William Gaviria is a PhD student in Prof. Mark Hersam’s group, which focuses on hybrid hard and soft nanoscale materials for applications in information technology, biotechnology, nanotechnology, and alternative energy.
Where are you originally from?
I was originally born and raised in Colombia, but lived my teenage years in South Florida. These are my two homes.
Where did you complete your undergraduate degree?
I got my BS in electrical engineering at MIT in 2013.
When did you first become interested in engineering?
Cliché answer here, but it started when I was about 9 years old and my parents bought a desktop computer. I would fiddle with both hardware and software for the next 8 years or so, which is why my original goal at MIT was to study computer science.
How do you explain what you study to non-scientists?
I always use the TV analogy. It goes like this:
Think back to the very first TVs that came out. Big, bulky, round screen, etc. Now think about where we are today. TVs were able to first go “flat” by abandoning tube technology and adopting plasma technology. Then they got thinner by adopting liquid crystal display (LCD) technology. Then even thinner and better by adopting LED technology. Now think about the future of where we are going: TVs that are transparent and flexible like a poster you hang up on your wall.
Sounds crazy right? But think about how crazy the TVs we have now must have been to someone 40 years ago. The common thread in this evolution of TVs was the adaptation of new materials that enabled new functionality.
My graduate research is in this cutting edge of flexible electronics using a material called ‘carbon nanotubes.’ However, my research did not focus on display technologies. It focused on wearable devices that will enable a future where people will carry/wear flexible phones and electronics without a second thought – much like you stream and watch 1080p videos on a portable tablet in bed today without realizing how mind-blowing this would have sounded to someone 40 years ago.
Can you tell me about some potential applications for your work?
My research work focused on demonstrating novel application for carbon nanotube electronics. In particular, my work focused in applications for Internet of Things (IoT) electronics. For example, we developed the first solution-processed (i.e. compatible with printing and roll-to-roll manufacturing) random number generator for applications in IoT security. This represents an important milestone since this is a crucial building block of most (if not all) security hardware. Similarly, we developed a novel transistor that addresses a key performance bottleneck in printed electronics: sensor signal amplification. Overall, the end-goal is to prove that amongst different next-generation semiconductors (e.g. pentacene, graphene, III-Vs, nanowires, etc), carbon nanotubes are ideal for future flexible and printable electronics.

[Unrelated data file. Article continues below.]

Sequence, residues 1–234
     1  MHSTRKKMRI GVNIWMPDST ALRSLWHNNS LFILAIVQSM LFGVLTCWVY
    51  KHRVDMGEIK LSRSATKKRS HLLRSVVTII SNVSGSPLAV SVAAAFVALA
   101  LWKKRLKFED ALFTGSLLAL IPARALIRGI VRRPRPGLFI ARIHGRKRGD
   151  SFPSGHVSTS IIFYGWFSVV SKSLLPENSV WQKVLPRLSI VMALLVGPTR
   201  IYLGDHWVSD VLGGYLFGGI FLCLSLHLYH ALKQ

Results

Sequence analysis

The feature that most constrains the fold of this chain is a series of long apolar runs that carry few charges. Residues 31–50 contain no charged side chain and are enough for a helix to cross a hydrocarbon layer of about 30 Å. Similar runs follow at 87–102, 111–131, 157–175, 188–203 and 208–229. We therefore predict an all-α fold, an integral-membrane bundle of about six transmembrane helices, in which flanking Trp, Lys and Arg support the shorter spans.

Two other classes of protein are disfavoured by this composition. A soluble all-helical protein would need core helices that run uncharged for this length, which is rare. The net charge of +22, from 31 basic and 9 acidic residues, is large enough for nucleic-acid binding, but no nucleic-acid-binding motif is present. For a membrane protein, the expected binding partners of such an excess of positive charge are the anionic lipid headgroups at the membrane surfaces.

Besides this work, I also led efforts to simulate the how a neural network could learn (think AI) using neuromorphic devices developed by others in the Hersam group. This work serves as a proof of concept for future AI hardware that mimics some functions of neurons in our brain. As this technology matures and is adopted, we will see leaps in training efficiency and deployment of AI, especially in applications where it is currently constrained by energy consumption.
What has been a highlight of your time at Northwestern?
Working within the Hersam group. It has taught me the value of being in the right environment under the right leadership. The recipe that makes the group so special is the right combination of smart people, strong leadership, relaxed atmosphere, and a hint of silliness – this allows for the unique kind of place where people are striving to be the best in the field, yet are humble and quick to help others.
What has been the most challenging aspect of your work or your time here?
Semiconductor fabrication. Because of how we worked in the Hersam group, I was in charge of taking a blank silicon wafer and turning it into a working nano-electronic device. This multi-step process is fairly complex and requires significant sweat equity to master. However, I found it really humbling as an engineer because it taught me the value of experimental design, statistical inference, and experience. The upside is that when the universe aligned such that things worked for the first time, it led to some fun ‘Eureka!’ moments.
Congratulations on recently defending your PhD! What are you hoping to do next, and what directions would you like to explore in your future research?
I am really excited to start my career as I am the first PhD in my family. My PhD projects taught me the value of data, as most of our breakthroughs were made possible by data-driven decisions. With this in mind, I want to apply my technical creativity and diverse experiences to define the future of how we apply data to complex, open-ended problems. I will most likely start in the field of data science and AI today, but my role might rapidly change given the fast pace of this field.
Can you tell me about your experiences either being mentored or mentoring others?
During my PhD, I was lucky to experience both mentoring junior students and being mentored by senior researchers. Although my mentors were key in my professional development, mentoring other students was extremely rewarding. Overall, I cannot stress enough how important it is to network and find mentors for yourself, as their guidance is invaluable in your career. This is particularly true during your transition years (i.e. first and last year as a grad student).
What are your hobbies outside of the lab?
I am lucky enough to have a beautiful wife and awesome cat at home, so I spend most of my free time having quality time with them. Outside of this, volunteering, cooking, lifting and playing strategy games were key to keeping my sanity and mental health during my PhD experience.